In 2011, the clothing brand Patagonia famously ran a full-page ad in The New York Times on Black Friday telling readers; “don’t buy this jacket.”
“Black Friday, and the culture of consumption it reflects, puts the economy of natural systems that support all life firmly in the red,” they wrote.
“We ask you to buy less and to reflect before you spend a dime on this jacket or anything else.”
The ad didn’t really have its intended effect — it boosted sales by 30% following the run — but it did ignite a serious conversation around the paradox of sustainability.
The modern economy requires us to both participate in the exploitation of the planet while we ourselves are simultaneously exploited for our labour in order to survive. It’s a trade-off that we’re all trapped into making every single day.
Non-consumption is not really an option unless you go full Henry Thoreau and live in an off-grid cabin in the wilderness and make your own clothes. You have to buy things if you want to sustain a quality of life that most of Western culture requires and not doing so will actively limit your ability to live comfortably and provide for yourself and others who may be dependent on you. But we know it all comes at a price.
Patagonia has still not figured it out. They sit uncomfortably between internationally successful commercial retailer and activist organisation trying to save the planet. You’ve gotta spend money to make money, or something, and their latest approach is to simply give all profit to environmental organisations dedicated to fixing up our deteriorating ecosystems.
It’s one option, and certainly better than most are pursuing, but we can’t all be Yvon Chouinard, the reluctant billionaire. Some of us have bills to pay and mouths to feed.
What we can do, however, is draw on this understanding of capitalism and consumption and attempt to put funnel our own money, however meagre in comparison, into organisations that both fulfil our needs for survival and comfort while doing the least amount of harm to the planet.
It’s not laying down in front of a bulldozer in the Amazon, but it’s something. Given the inherent need that corporations and governments have to create demand in the population in order to further sales and the economy — at the expense of the natural world — resistance to consumerism is a radical act.
Their four-day sales event runs just before the big shopping dates of Black Friday and Cyber Monday. It’s a challenge to consumers and organisations to do better. They only showcase brands that meet their sustainability framework and direct consumers to products they need that cause the least impact on the planet through purchasing.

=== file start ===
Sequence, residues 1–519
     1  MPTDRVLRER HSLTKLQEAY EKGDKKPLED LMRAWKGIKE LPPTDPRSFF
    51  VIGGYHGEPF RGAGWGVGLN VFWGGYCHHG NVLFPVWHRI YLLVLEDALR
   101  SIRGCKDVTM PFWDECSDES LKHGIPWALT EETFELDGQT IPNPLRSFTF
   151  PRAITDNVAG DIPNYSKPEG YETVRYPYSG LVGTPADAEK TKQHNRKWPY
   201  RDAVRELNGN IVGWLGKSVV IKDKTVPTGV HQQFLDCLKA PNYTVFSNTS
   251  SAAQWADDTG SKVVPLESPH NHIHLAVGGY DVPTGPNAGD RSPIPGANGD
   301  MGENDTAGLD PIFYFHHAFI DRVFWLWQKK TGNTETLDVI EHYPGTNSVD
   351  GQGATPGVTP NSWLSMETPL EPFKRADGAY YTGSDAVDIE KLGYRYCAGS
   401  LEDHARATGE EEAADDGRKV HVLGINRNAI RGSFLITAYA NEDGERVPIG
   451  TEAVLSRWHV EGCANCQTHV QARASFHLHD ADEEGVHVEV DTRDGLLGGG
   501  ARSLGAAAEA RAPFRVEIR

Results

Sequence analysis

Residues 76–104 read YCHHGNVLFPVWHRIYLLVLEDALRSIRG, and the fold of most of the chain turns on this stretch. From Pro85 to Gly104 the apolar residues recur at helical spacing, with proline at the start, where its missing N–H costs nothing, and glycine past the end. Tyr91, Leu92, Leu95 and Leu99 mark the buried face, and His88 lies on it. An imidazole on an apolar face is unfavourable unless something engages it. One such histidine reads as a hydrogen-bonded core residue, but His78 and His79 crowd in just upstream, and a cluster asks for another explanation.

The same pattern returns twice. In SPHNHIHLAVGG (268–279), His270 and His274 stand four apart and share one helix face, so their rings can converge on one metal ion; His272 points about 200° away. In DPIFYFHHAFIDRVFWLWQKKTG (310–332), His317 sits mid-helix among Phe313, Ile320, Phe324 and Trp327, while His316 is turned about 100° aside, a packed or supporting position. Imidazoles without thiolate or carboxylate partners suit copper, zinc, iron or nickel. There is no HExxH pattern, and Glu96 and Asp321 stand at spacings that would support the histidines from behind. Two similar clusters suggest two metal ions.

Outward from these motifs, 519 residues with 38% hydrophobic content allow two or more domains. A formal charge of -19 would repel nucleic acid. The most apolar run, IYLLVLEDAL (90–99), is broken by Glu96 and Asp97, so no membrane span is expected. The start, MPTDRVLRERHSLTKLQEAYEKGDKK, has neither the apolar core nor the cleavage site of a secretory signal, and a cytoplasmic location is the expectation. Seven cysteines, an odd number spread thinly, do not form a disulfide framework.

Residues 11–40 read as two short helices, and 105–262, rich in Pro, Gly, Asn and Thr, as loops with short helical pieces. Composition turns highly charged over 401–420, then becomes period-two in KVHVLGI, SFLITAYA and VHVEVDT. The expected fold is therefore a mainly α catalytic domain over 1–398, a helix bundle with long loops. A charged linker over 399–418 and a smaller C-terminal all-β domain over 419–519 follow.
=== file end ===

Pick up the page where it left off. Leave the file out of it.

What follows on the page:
Buying things you need is key, with ‘mindful consumption‘ at the heart of operations. Brands they support are Australian retailers that have proven they are either combating environmental issues, reducing their emissions, buying raw materials from sustainable sources, or championing circular models by assessing where they are sitting in their sustainability journey.
Consuming mindfully has been shown to increase sustainable consumption — buying out of necessity, not out of thoughtless want. Studies have even shown that “mindful consumers tend to engage in more savouring and slower consumption that prolongs their enjoyment of products.”
Therefore, not only is the practice better for the planet, it’s better for consumers in gaining satisfaction from the products that they buy which in turn leads to lower consumption overall.
We’ve all got to live under the confines that we find ourselves in. As much as we might want to reject the system entirely and tap out of economies that ruin the things we value, we can only do so much. En masse, that behaviour however has the power to alter those systems, forcing businesses to shift their practices to more sustainable means if they want our dollars.
If you need something, and you want to make sure it’s well made and not leaving a big dent in the Earth, head over to Green Friday on November 18 – 21.
Want more stories about Green Friday? You can find them here.